A visual inspection of the semantic network did not suggest any clear organization (Prell 2012). The Blondel et al. (2008) method for identifying clusters or subcommunities using the modularity metric was calculated in Gephi to identify groups of co-occurring codes. After reviewing the results of the initial clustering algorithm, some codes were excluded that did not aid in the creation of a framework of student investigation characteristics. For example, the codes related to the topic area (biosphere, soil/pedosphere, hydrosphere, and atmosphere) were independent of the clustering this study sought to examine. Once these codes had been eliminated, the modularity calculation was repeated to identify modularity clusters—sets of codes that often coexisted together in the network, and that were less likely to coexist with codes in any of the other modularity clusters. These clusters, therefore, are indicators of cohesive sets of characteristics of student GLOBE investigations. The evaluator examined each cluster and the codes present within it, revisited the literature sources in Table 2, then conducted so-called second cycle qualitative coding (Saldaña 2015). This phase of theoretical coding identified commonalities among the codes appearing in each cluster, for which the evaluator developed descriptive titles. Theoretical coding further identified similarities and distinctions between each cluster, which suggested ways of grouping and organizing the clusters. The final descriptive framework, presented in the section entitled “Findings,” presents the sub-clusters identified by the algorithm and the larger theory-driven clusters into which these sets were organized by the evaluator.
The most significant limitation to the study is that coding of projects was largely completed by a single rater, albeit one with substantial experience in GLOBE. We attempted to ameliorate this limitation through discussion among the authors, substantial code reviews, and the interrater reliability inquiry. We do suggest caution in drawing conclusions from this limited data. Throughout this process, we noted that knowledge of the GLOBE program was helpful in conducting the study and interpreting the findings. Although our intent is and has been to situate these findings in a context that is of use to the broader citizen science community, GLOBE’s specific prominence as a case study is clear.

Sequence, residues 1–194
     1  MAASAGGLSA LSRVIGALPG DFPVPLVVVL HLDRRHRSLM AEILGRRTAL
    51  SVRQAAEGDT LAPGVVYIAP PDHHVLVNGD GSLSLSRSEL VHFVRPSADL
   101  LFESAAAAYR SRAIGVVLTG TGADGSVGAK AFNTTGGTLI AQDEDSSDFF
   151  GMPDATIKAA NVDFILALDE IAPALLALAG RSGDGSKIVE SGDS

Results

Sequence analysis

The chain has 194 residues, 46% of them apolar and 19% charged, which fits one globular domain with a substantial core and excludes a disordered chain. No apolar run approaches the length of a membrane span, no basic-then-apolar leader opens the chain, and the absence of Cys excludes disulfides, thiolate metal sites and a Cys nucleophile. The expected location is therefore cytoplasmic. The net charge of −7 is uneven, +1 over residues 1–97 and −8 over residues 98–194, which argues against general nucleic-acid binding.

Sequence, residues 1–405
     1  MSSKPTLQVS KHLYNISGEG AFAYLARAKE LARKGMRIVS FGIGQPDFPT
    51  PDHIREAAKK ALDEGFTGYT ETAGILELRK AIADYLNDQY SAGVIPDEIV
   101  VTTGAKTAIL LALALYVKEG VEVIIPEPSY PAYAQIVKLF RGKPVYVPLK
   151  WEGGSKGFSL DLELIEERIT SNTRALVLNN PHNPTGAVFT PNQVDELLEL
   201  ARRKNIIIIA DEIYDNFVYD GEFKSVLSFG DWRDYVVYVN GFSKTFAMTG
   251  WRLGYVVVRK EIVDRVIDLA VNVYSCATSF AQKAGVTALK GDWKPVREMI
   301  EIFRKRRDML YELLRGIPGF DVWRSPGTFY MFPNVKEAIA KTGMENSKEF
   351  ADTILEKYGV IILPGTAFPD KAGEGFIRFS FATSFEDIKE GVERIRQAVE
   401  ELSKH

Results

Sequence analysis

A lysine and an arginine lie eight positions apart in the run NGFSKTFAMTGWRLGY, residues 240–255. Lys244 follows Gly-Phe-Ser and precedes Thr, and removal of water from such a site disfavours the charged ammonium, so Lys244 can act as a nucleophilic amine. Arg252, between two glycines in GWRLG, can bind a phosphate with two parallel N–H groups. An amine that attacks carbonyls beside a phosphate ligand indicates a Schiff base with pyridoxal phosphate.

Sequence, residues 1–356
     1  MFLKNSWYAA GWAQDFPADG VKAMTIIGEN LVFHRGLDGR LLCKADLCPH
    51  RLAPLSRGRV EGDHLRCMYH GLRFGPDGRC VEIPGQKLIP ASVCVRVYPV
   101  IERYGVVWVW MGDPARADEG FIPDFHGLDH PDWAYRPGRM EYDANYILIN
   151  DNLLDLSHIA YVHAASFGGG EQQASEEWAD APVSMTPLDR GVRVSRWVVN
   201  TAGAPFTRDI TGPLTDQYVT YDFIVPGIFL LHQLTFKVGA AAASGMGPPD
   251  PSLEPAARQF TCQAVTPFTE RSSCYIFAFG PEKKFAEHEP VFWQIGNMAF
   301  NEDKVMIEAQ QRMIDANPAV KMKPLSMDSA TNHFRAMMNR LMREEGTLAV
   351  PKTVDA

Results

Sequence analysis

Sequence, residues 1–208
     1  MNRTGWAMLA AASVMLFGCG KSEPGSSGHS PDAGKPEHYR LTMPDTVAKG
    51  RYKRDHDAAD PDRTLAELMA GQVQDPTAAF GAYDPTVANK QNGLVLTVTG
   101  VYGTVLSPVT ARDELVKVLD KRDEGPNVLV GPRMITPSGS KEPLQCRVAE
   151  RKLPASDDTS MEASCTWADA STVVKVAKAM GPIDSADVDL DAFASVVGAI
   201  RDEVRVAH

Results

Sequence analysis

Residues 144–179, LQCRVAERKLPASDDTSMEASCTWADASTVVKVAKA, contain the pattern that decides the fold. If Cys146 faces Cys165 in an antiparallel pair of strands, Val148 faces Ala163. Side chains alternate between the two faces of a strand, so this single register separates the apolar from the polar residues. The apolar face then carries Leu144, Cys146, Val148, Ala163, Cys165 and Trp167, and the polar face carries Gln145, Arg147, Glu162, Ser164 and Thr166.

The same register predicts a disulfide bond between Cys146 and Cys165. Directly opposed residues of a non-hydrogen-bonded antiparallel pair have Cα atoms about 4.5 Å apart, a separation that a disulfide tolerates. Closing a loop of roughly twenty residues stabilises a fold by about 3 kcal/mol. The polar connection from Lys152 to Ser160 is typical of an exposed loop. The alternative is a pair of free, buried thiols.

Second, the Blondel et al. (2008) modularity algorithm used in the Gephi software for the semantic network analysis is nondeterministic. Each iteration results in somewhat different assignments of codes among clusters, and the evaluator has the ability to make some choice in the algorithm’s settings, allowing for further variation. The sub-clusters identified and presented in the section entitled “Findings” are based on converging solutions that appeared over multiple runs, but the nondeterministic nature of this technique is a limitation of the study. Ultimately, the main-level clusters are not based solely on the modularity metrics, but were assigned by the researchers based on careful examination of the quantitative findings, and theory-driven qualitative analyses of the codes within each modularity cluster.
Finally, the student artifacts used were not the ideal data source for some of the characteristics of interest. For instance, we were not able to assess whether students increased their knowledge or skills, but only whether they demonstrated such an increase by discussing or mentioning it in their materials. Thus, this manuscript is most fairly treated as a study of the artifacts resulting from the investigations rather than a full study of the citizen science experience in GLOBE.
The full list of 89 codes is presented in Supplemental File 1, along with the frequency of each code across the projects and disaggregated by student grade band and country. While Supplemental File 1 provides a full accounting of all codes used in this project, Table 3 provides a summarized level of insight into the codes by providing the theme areas and, where applicable, sub-theme areas around which the codes were organized.
|THEME AREA||SUB-THEME AREAS (IF APPLICABLE)|
|Increased student self-efficacy/behavior change||Behavior change|
|Key aspects of the scientific process||Pre-investigation|
|More sophisticated aspects of the scientific process||Data limitations|